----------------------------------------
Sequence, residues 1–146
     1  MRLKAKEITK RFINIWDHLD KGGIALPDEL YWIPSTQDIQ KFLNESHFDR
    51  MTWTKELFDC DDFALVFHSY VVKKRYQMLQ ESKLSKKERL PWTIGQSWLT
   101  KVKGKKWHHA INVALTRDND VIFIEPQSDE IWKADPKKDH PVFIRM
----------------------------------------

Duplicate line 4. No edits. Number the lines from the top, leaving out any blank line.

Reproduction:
   101  KVKGKKWHHA INVALTRDND VIFIEPQSDE IWKADPKKDH PVFIRM